Director: Kirk DeMicco, Chris Sanders.
Cast: (voices of) Nicolas Cage, Emma Stone, Ryan Reynolds, Catherine Keener, Clark Duke, Cloris Leachman.
SCHOOL holidays are usually a time when you put away the learning books and break out the fun, which makes The Croods the perfect school holiday.
That's because despite being set in prehistoric times and focusing on a family of Neanderthals, you won't learn anything about life 100,000 years ago, but you may enjoy yourself.
This is the latest computer-animated feature from Dreamworks Animation, who have been on a winning streak of great family films lately (their last five films are Megamind, Kung Fu Panda 2, Puss In Boots, Madagascar 3, and Rise Of The Guardians).
The Croods is a weird cross-blend of familiar ideas, where a Flintstones-like family goes on an Ice Age 4-type adventure through an Avatar-esque world.They are led by Grug (Cage), whose motto of "never not be afraid" has kept his family alive and secluded in a cave.
But the curiousity of his eldest daughter Eep (Stone), combined with a serious case of continental drift, means The Croods are about to discover there's a great big world outside the dark hole they call home.History gets replaced with fantasy in this version of prehistoric Earth, which is populated by turtlebirds, owl cats, piranhabirds, giant sabre-tooth kittens, mouse-aphants, and crocodogs.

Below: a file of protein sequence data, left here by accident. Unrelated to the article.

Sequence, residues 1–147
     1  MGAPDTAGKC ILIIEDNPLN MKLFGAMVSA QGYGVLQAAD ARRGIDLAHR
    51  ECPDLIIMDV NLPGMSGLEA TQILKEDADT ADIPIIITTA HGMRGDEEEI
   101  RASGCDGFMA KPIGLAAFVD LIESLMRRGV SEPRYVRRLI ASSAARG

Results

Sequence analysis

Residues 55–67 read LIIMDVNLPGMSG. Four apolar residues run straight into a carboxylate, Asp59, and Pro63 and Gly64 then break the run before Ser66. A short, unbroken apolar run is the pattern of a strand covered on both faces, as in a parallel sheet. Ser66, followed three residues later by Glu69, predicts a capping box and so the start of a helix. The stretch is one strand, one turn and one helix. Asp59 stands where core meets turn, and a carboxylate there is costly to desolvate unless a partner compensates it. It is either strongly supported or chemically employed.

It's a weird world but it generates a sense of wonder via its lush animation.
Equally fantastical is the movie's portrayal of its prehistoric humanoids. One minute, The Croods are presented as being like animals, the next they're discussing their feelings and emotions, and behaving like a thoroughly modern version of mankind.Less uneven is the film's sense of humour and adventure.
It barrels along at a solid pace, stopping appropriately for its emotional notes, but all the while embracing a bone-breaking level of slapstick.
Luckily these characters are seemingly impervious to all injuries and accidents, including falling from great heights and being crushed by giant rocks... repeatedly.
This does take some of the sense of danger out of the film, but does provide some good laughs.
Nic Cage's distinctive delivery is slightly distracting, but there is humour to be had from Stone's Eep, love interest Guy (Reynolds) and his cute pet sloth called Belt, and the comic sidekick grandma (Leachman).
It's this knack for laughs and a rollicking good time that helps the film overcome its deficiencies, which also include a distractingly over-the-top score from Alan Silvestri.
Another plus is the strong characters, who cover up for the movie being too ludicrous in places. If only the film had been brave enough to go for the super-powerful, stick-in-the-memory ending that it flirts with instead of the silly way out it took, then we might have had something truly worthy on our hands. Instead, this is just uneven fun. Nothing more, nothing less.